China to Quickly Expand Top Carbon Market to Add More Polluters
(Bloomberg) -- China is aiming to rapidly expand its national carbon market to add more heavy polluting industries once the system begins trading this month.
Authorities will quickly work on setting emissions accounting rules and on guidance for pollution rights for industries beyond the power sector, the first to be covered under the initiative, Vice Minister of Ecology and Environment Zhao Yingmin told reporters Wednesday in Beijing.
The trading system, which initially covers more than 2,200 companies in the power sector accounting for about half of China’s emissions, is on track to start operations this month and will commence soon, Zhao said, without confirming a specific date. Trading is scheduled to begin Friday, people familiar with the details said Tuesday.
Even though the market will immediately become the world’s largest emissions trading system, expectations are low that it’ll have any quick impact on helping China meet climate targets. There’s also potential that a surplus of permits will mean even power generators who pollute too much will be able to buy them cheaply and won’t have a real incentive to cut emissions, according to some analysts.
Pilot systems in a number of provinces have priced carbon at about 40 yuan ($6.18) a metric ton, according to Zhao. That’s only a fraction of the rate in the European Union, which currently hosts the largest market, and where benchmark futures traded at a record 58.64 euros ($69.45) on July 1.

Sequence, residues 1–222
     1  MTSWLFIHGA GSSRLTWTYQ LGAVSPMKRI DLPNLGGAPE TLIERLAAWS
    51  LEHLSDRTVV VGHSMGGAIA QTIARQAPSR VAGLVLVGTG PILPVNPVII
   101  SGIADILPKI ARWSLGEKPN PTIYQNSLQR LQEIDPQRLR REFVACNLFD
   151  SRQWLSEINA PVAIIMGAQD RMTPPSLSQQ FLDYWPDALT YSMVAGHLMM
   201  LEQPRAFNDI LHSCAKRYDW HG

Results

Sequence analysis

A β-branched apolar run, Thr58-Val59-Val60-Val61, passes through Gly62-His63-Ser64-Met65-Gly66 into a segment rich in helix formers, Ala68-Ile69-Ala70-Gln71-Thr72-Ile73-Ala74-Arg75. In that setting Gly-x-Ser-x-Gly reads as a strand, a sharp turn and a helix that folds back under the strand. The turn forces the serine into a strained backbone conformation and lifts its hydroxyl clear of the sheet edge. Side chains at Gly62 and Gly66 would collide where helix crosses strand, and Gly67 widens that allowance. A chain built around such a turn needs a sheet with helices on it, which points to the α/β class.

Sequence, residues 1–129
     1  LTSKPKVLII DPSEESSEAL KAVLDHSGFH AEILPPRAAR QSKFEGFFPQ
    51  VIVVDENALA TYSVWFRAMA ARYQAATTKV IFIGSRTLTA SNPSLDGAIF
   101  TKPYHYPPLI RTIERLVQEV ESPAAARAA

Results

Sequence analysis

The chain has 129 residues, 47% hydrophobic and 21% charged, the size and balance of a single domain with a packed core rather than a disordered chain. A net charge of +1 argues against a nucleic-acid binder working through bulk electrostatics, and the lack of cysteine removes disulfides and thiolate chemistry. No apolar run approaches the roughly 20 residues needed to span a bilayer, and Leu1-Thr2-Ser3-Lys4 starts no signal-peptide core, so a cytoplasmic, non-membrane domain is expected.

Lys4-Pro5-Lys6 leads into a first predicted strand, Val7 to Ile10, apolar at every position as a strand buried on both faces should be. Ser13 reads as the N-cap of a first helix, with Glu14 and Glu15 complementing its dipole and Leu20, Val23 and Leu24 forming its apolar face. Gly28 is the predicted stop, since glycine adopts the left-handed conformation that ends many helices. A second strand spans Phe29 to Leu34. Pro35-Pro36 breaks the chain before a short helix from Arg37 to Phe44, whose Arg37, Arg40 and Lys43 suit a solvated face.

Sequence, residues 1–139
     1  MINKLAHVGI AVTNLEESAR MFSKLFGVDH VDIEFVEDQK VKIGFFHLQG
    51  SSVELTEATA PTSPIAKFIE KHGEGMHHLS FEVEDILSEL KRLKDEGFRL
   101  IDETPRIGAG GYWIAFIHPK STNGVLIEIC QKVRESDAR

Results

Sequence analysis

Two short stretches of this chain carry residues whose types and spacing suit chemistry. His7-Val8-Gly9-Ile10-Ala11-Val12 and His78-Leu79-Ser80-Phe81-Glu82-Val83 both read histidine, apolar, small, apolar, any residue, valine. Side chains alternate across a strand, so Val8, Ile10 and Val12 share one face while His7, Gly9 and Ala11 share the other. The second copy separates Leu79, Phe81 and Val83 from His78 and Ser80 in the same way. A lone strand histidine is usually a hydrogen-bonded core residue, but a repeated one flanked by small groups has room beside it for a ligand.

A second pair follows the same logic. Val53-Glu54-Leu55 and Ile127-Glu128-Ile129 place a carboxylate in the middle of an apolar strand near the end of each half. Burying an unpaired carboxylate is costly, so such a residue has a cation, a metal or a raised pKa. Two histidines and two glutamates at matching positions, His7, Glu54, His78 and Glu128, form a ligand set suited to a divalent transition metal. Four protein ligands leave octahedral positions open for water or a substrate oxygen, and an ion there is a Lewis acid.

“It’s not good to have either too high or too low a carbon price,” Zhao told reporters. “We need a reasonable price to show both China’s determination to peak carbon emissions and reach carbon neutrality, and to give positive messages to enterprises that commit to cut emissions.” A total of 480 million tons of carbon dioxide equivalent had been traded under the pilot systems by the end of June, he said.
The Shanghai Environment and Energy Exchange, which is hosting the national market, has previously said it expects China’s trading system will eventually cover as many as 10,000 entities accounting for about 5 billion tons of carbon dioxide emissions.
China’s ecology and environment ministry is also moving to strengthen punishments for data fraud in the carbon market, and has trained over 6,000 people across local government and within industries about quota allocation, Zhao said.
The trading program was announced more than three years ago and has encountered a series of delays. China missed an earlier government target to start trading by the end of June.
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